Britain’s most popular cars have grown in size by almost a third in the last half a century.
According to the RAC Foundation, many no longer  fit in a standard domestic garage.

The top five best-selling models in 1965 had an average width of 1.5 metres and a length of 3.9 metres. The increase in size of modern cars means that the most-bought models in 2020 were 1.8m wide and 4.3m long on average. Problems extend out onto the road too. Their footprint – the amount of space they individually take up on the road – has grown by 32%. This means they struggle to sit comfortably on the country’s old road network or in parking spaces.

Garages have not adapted well to the evolution of the car. The average garage door width is just 2.1m, leaving a mere 15 centimetres of clearance on each side of some popular vehicles.

Rising numbers

The number of cars on British roads has also increased. In 1965 there were just 7.7 million cars, in 1995 there were 21.4 million and today there are 31.7 million.

Steve Gooding, director of RAC Foundation, said: “Not only are cars getting bigger; there are also more of them. This is putting huge pressure on roadside space and explains why many of us feel that the parking bays in car parks don’t seem quite big enough.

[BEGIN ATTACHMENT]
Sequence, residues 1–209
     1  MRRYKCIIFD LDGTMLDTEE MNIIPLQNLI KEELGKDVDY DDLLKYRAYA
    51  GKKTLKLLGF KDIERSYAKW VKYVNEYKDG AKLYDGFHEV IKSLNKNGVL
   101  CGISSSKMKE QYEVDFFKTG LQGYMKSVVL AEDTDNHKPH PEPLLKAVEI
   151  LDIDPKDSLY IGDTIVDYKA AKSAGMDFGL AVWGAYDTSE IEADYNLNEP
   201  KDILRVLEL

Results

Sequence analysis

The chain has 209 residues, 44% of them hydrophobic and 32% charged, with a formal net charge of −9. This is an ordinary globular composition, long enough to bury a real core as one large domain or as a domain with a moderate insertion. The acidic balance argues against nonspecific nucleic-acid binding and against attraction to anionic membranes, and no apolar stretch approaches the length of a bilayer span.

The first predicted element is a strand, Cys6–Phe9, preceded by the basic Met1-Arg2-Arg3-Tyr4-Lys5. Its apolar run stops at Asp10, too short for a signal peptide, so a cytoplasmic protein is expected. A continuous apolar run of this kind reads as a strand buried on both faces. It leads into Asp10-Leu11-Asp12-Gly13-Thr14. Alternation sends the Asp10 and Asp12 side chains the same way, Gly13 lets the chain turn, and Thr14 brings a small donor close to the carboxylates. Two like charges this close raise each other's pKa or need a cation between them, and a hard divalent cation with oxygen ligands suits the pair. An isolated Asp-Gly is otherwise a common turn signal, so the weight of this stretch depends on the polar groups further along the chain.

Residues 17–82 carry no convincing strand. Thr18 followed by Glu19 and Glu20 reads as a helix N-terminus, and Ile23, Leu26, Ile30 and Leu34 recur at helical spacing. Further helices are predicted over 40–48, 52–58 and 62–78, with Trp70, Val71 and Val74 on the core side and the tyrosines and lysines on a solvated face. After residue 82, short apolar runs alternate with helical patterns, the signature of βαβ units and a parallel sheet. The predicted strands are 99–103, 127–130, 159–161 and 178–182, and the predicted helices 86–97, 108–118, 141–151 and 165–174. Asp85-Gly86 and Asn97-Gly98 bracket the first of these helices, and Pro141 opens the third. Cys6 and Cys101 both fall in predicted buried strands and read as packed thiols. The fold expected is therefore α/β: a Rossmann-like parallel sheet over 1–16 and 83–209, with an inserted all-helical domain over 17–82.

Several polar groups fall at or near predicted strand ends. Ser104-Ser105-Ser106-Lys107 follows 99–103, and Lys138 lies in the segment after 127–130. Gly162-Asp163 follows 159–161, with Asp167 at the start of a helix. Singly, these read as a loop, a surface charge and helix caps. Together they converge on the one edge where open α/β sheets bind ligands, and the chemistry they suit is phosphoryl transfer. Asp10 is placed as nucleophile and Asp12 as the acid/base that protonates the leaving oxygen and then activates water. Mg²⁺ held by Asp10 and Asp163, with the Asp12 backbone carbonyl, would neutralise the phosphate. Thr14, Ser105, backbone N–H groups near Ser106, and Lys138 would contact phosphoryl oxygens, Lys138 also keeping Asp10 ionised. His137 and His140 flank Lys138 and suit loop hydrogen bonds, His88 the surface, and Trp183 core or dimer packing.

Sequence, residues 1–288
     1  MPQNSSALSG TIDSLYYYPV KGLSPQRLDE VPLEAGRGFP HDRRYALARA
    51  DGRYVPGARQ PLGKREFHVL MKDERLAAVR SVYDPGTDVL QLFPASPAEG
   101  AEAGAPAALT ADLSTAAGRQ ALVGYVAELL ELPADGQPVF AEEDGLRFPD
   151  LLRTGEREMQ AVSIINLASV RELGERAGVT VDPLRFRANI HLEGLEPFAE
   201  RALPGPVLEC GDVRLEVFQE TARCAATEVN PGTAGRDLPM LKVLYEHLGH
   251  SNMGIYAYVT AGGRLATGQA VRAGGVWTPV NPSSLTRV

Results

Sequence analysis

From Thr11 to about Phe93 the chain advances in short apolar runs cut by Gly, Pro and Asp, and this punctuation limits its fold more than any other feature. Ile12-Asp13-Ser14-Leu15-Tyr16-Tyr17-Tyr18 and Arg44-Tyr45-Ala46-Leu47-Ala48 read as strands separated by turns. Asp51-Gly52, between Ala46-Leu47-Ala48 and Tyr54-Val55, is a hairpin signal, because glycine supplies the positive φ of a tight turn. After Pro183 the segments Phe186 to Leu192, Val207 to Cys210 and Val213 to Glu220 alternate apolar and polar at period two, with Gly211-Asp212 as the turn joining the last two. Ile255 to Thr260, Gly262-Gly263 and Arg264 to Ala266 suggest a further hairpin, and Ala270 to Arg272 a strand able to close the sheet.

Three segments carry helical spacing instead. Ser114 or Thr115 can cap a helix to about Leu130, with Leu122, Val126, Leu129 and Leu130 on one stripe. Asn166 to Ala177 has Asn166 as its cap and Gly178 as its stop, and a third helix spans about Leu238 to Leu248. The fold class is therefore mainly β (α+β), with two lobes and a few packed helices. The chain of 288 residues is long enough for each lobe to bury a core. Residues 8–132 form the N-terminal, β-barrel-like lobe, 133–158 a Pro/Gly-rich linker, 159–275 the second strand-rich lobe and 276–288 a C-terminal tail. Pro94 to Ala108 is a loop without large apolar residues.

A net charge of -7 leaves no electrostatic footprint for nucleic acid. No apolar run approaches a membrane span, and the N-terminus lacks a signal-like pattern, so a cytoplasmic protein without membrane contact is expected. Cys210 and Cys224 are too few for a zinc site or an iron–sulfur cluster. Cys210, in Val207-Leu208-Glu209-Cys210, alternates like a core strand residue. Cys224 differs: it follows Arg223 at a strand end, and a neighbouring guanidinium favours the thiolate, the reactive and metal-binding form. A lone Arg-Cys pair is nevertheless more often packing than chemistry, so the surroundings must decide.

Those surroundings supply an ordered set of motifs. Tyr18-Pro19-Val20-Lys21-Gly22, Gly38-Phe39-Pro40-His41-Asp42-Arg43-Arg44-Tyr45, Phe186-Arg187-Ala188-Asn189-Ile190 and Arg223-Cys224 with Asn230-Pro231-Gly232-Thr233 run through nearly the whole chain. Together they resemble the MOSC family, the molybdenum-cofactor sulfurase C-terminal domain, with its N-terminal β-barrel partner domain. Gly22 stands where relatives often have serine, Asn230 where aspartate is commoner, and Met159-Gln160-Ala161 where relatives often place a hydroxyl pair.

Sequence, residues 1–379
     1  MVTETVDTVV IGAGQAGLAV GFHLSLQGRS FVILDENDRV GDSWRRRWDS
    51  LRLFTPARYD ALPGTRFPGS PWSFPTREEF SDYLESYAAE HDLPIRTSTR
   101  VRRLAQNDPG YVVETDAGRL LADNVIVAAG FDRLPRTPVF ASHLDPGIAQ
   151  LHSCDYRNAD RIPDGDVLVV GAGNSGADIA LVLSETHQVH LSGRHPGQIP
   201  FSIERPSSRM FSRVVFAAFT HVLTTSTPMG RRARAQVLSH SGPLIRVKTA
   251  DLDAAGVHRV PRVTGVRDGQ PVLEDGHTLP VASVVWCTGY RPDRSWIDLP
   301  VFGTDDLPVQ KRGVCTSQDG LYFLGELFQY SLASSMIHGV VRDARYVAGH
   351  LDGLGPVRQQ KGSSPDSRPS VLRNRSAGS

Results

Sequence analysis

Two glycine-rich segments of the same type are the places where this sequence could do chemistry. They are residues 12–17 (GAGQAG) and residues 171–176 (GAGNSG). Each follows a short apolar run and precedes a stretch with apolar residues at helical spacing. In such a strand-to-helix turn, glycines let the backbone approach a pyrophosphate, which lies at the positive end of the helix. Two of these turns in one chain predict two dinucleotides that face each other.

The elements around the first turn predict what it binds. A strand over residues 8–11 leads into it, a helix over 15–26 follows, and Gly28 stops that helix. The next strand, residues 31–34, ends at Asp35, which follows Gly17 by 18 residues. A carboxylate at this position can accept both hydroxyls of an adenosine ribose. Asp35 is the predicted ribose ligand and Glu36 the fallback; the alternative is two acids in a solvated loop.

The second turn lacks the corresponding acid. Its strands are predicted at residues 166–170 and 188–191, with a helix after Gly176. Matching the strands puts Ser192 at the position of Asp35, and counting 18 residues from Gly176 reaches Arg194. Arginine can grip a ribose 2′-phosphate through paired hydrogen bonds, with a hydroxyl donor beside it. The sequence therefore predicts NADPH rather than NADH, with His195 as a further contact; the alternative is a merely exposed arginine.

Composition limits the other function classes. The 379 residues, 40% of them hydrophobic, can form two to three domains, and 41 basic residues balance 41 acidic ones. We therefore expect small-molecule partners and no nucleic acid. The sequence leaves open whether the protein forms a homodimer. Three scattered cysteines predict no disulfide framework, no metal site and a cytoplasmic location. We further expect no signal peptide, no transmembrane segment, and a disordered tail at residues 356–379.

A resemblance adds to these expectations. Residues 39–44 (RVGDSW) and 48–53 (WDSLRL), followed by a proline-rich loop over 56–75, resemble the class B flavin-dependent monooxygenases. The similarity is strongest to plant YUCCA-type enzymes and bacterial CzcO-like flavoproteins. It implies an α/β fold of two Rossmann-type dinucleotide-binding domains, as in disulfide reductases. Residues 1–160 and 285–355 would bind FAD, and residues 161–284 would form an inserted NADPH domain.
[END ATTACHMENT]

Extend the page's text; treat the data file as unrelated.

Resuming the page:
“Crucially domestic garages are also often unfit for their intended purpose – the planning system needs to recognise that garage design needs to catch up with vehicle design, or throw in the towel and recognise that they are, in practice, garden sheds waiting to be converted to provide extra accommodation, which means thinking about where the family car is going to be parked.”

Parked up

The report – found in full in Standing Still – analyses data provided by the leading net zero data analytics consultancy Field Dynamics, Ordnance Survey and government statistics.

Perhaps it’s no surprise that RAC Home Insurance found nearly six million UK garages aren’t used for cars as they’re too full of junk.

Some 53% of motorists with garages at their properties never park their cars in them, the poll of 2,138 drivers shows. Almost a third (30%) of those who don’t keep their cars in their garages say it’s because it is too big to fit through the  door.

Items most commonly stored in the space instead include DIY materials (90%), gardening tools and garden furniture (74%), bicycles and scooters (55%), wellington boots and shoes (36%), and camping equipment (24%).